Just in case

I catch myself daydreaming from time to time.  Although the scenarios vary, the thought at the core is persistent; I imagine that God wants me to be rich.  I think about all the good things I could do with a bunch of extra funds.  I think about ways He could make it happen.  Maybe a super wealthy friend will gift me a large sum.  Maybe the Lord is going to lead me to employment with outsized compensation.  The scenarios are many and varied.  Eventually I remember that as my God is all powerful, if He wanted me to be rich, I would be.  This sometimes leads me to be thankful for the exact situation in which I find myself; not richer or poorer.  This is where I think He wants me to be; legitimately thankful for whatever my present circumstances happen to be, regardless of whether they’re what I’d request for myself if I could.

I am not a gambler.  One time as a kid I found myself playing poker in my friend’s basement.  We were using chips, not money.  While playing I remember receiving the distinct spiritual impression to leave.  Personally, I find poker with chips equivalent to Monopoly or any other game, so I’m not condemning it per se.  But I got the impression to leave and did.  I still don’t know why.  But I did.

Recently I was traveling for work in a state that operates a lottery.  I felt the unusual urge to participate.  When the guys I was traveling with pretended to drive away from the gas station without me, I went back into the mini-mart and bought a lottery ticket.  It was my first ticket ever.  I’d heard the logic about how lotteries are effectively taxes on the ignorant, but was undeterred.  The lady asked me which game I wanted to play; I had no idea there were multiple options.  I quickly chose one with a potential payout of only a few hundred thousand dollars that would be drawn that evening.  As we drove to the airport I realized the folly of my ways; if I was going to be a sinner and buy a lottery ticket, then I might as well go for the PowerBall payout valued at over $60 million, which was also to be drawn that evening.  So I was thrilled when I found out I could buy another ticket at the airport before coming home.  Once I had my $60 million ticket, my mind started to race wildly along the same lines I described at the beginning of this post.  What would I do with all the winnings?  Would I share them?  If so with whom?  Would I work?  Would I move?  Would I have to pay tithing since the Church would probably not take tithing “earned” from a lottery?  The considerations were enthralling.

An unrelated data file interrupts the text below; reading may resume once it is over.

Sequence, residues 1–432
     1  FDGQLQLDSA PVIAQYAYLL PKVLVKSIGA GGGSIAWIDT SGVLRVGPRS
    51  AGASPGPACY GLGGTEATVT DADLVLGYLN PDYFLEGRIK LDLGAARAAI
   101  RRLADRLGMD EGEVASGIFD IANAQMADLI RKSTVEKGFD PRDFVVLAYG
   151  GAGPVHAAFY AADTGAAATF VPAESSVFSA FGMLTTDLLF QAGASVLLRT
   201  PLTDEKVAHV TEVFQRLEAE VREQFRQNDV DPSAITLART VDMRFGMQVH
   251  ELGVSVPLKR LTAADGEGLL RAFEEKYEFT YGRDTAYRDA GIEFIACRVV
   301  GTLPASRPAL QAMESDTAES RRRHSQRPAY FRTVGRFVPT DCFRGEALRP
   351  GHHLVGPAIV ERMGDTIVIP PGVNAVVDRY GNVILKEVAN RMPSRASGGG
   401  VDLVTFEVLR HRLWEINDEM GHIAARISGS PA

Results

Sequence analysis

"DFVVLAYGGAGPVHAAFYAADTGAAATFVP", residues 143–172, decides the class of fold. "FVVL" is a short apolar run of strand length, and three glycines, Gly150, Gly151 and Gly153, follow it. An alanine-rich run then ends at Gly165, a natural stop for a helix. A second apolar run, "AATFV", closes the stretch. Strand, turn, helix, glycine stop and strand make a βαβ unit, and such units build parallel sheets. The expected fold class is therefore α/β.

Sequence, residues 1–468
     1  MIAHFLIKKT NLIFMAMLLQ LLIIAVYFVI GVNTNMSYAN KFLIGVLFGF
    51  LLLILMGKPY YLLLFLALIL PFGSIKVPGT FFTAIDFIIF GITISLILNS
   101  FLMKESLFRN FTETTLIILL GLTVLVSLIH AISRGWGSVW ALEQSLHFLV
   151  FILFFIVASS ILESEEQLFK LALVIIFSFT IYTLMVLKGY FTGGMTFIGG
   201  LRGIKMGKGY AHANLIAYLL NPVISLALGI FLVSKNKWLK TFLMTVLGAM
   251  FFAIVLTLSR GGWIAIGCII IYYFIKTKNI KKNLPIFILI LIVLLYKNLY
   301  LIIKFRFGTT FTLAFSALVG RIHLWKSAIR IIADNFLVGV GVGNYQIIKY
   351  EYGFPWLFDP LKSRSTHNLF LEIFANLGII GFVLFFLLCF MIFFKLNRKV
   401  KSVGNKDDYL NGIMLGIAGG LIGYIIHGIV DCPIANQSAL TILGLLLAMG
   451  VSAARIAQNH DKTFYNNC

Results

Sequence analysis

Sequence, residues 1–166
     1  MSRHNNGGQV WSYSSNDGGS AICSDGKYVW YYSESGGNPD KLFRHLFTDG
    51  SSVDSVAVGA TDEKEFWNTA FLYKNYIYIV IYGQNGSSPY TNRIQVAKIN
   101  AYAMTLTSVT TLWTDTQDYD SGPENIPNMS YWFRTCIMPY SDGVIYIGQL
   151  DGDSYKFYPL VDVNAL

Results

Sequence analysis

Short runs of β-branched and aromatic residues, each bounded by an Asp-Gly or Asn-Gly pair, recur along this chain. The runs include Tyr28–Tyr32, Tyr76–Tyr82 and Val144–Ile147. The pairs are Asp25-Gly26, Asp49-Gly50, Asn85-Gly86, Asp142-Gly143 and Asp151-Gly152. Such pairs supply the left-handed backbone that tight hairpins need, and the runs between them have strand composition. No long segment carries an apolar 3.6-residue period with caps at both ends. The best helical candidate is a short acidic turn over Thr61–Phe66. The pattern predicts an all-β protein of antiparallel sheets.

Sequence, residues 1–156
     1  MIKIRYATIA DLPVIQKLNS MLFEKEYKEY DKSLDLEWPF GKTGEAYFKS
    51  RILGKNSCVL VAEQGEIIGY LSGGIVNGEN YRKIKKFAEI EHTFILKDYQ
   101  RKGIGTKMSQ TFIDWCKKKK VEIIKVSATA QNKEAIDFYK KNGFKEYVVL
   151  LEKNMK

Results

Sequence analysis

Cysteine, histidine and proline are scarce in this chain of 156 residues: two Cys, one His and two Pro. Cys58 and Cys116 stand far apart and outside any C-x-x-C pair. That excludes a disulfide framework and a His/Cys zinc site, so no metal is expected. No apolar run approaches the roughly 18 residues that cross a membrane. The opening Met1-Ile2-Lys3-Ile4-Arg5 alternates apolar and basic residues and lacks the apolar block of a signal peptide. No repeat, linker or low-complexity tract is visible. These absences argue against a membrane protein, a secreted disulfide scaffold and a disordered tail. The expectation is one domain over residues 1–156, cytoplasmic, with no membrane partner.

In opposition to the “lottery-as-taxation-on-the-ignorant” view, there is another school of thought that compares not just the economic implications of buying a lottery ticket, but the emotional ramifications as well.  This school posits that the incremental hope/joy that comes into a person’s life from the time they purchase the ticket until the time the find out they lost is worth way more than the dollar they paid to participate, and as such, represents a significant value.  I have to say I fall into this latter camp.  My life was, in a telestial sense, far more hopeful from the time I bought the ticket until the next day when I checked online to find out my numbers had not been selected, than it had been over the previous 24 hours.  All that hope for a dollar.  It was by far the best money I’d spent the entire week.  And yet I don’t think I’ll be doing it again.

See, the greatest benefit I got from playing the lottery was the absolute assurance that God does not want me to be rich.  If ever you find yourself daydreaming about Him making you wealthy, you can spend a lot of time and effort and energy worrying about if He’s going to do it or how He might do it or what you might do with it if He does or a million other related questions.  Or you can just go buy your ticket, get the results that night, and let it go.  Buying a single lottery ticket is the most cost-effective way I can think of to banish the “what if He wants me to be rich” temptation quickly and definitively.  That’s the beauty of believing in an all powerful, all knowing God; whatever my present circumstances are must be what He wants for me.  Thankfully embracing reality is thus a sign of faith.

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